There was a time when hearing a boyish and manicured voice like Conner Cecil's alongside a willowy pedal steel wasn't uncommon in country music. That time is long gone, though, and hearing Conner — a Globe native whose voice matches his cherubic face — on his debut EP, Conner, is a little strange. In a genre where banjo accompaniment is now usually the dominion of guys with pockmarked faces and gravelly voices, or quirky songstresses, Conner is an odd duck.
A former member of the University of Arizona's Symphonic Choir, Cecil has a traditionally beautiful voice that soars on songs like "Tear Down These Curtains" and "I Need You." Unfortunately, when he turns to topics traditional in country music — drinking, carousing, heartbreaking — like he does in "Dirtbags," it's about as convincing as country night on American Idol. "Juanita," the CD's closer, is a nice midpoint. A cover of Gram Parsons' song, it's got a little of everything Cecil does right (perfect hushed tones where appropriate, ability to soar for the refrains). And knowing Parsons wrote it, the references to gobbling down pills seem more appropriate.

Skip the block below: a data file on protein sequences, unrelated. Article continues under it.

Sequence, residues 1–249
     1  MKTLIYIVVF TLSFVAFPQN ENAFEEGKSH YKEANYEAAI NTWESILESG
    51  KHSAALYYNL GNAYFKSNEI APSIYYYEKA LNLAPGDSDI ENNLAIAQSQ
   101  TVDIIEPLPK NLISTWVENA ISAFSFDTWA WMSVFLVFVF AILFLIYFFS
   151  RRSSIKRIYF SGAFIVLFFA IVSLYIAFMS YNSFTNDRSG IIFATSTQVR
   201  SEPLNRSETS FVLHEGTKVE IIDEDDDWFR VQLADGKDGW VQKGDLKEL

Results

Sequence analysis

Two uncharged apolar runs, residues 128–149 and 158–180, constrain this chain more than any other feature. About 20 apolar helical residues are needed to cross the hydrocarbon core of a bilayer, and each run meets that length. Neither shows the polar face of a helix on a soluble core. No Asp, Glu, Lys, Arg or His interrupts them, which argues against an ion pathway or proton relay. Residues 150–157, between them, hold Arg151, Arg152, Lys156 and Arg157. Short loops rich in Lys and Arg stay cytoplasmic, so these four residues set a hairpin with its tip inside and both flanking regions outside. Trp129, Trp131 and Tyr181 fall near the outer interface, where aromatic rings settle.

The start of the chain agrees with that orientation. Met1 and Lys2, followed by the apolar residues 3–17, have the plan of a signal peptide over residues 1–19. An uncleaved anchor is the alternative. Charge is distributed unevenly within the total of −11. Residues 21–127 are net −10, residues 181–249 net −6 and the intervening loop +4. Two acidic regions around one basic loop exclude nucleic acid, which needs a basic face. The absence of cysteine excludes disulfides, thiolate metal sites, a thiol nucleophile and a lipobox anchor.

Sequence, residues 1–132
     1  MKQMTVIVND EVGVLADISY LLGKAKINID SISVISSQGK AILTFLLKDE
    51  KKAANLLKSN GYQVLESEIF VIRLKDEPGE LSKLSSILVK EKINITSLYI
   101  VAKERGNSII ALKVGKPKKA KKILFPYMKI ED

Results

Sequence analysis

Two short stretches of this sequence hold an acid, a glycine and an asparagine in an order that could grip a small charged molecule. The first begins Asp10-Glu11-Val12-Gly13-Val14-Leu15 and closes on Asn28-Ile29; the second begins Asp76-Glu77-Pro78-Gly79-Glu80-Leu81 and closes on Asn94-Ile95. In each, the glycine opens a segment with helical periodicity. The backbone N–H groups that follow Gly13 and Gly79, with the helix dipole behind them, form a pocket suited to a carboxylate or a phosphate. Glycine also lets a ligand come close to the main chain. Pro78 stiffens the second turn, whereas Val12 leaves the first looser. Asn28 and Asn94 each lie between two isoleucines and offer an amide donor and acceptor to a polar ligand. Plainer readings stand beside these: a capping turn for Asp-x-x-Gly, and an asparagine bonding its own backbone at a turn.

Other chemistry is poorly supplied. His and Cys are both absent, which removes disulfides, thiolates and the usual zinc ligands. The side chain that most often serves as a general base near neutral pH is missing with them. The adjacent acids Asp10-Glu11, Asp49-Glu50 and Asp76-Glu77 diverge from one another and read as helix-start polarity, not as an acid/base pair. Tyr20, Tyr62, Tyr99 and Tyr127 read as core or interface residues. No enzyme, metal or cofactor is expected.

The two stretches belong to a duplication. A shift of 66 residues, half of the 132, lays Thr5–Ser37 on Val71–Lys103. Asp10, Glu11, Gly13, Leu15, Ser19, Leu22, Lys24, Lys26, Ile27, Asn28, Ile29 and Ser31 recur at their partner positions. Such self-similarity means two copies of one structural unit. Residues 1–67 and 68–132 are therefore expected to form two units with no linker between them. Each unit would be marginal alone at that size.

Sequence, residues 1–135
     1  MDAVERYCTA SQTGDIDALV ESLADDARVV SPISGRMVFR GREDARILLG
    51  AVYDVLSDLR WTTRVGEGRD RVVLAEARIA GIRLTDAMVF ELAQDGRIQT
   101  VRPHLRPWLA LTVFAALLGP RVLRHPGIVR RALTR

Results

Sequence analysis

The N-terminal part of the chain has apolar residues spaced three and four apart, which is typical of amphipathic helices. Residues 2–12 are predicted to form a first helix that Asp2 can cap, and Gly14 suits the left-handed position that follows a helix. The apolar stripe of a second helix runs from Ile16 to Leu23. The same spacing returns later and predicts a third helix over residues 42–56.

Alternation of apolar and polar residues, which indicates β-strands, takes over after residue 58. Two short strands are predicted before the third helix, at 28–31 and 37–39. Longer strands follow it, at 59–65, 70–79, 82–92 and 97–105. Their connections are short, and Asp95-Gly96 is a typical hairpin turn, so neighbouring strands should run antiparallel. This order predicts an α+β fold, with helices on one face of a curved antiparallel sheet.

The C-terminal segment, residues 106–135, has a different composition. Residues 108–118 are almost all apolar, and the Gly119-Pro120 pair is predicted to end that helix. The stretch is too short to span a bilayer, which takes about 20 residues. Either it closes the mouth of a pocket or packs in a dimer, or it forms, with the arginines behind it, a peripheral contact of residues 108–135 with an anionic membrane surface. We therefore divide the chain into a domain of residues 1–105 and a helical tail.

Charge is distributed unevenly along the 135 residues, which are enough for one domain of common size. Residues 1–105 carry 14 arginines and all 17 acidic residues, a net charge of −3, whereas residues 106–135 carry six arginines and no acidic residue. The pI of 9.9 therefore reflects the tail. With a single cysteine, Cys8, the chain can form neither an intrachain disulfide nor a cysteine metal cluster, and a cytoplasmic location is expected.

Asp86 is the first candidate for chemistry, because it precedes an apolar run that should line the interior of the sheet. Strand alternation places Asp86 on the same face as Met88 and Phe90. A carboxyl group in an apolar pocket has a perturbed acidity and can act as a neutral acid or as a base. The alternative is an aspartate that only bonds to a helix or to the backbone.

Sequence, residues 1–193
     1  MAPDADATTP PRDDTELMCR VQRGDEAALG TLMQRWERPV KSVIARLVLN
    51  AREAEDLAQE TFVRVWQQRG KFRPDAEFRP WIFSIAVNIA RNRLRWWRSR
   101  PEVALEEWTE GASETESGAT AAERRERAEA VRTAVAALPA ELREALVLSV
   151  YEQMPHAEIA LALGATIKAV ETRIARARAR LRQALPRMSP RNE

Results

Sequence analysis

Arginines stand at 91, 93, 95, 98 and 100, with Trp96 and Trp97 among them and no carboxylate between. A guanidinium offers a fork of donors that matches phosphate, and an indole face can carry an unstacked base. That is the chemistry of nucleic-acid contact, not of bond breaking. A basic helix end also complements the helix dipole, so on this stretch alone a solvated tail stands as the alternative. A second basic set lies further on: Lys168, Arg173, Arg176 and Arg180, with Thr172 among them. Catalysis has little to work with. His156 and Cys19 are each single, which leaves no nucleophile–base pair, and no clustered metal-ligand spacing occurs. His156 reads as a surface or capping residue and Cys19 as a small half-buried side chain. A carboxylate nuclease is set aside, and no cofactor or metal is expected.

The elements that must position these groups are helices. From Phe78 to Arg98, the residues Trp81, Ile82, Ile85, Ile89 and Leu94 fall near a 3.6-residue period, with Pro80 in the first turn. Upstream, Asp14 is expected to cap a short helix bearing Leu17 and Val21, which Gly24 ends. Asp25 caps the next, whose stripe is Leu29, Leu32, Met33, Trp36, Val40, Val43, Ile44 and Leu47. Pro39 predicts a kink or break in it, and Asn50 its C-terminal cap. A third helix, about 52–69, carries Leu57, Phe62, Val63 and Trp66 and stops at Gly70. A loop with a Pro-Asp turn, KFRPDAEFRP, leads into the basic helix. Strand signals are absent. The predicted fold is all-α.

With his sparkling voice and the ability to play piano and guitar, Cecil has the tools to have a career in music. But I worry that his influences (Parsons, George Jones, Alan Jackson, Hank Sr.) don't match his repertoire. Hopefully, he can find a sound that fits his style — perhaps traditional, piano-based love ballads, given that his press materials say he's classically trained. Cecil has opened for Phil Vassar (the Billy Joel of country), so he knows it can work in the right hands. It's either that, or Cecil goes Nashville and drops the country instruments, or takes up Marlboro Reds and starts drinking Jack Daniel's Black in the hopes of getting a little more grizzled.
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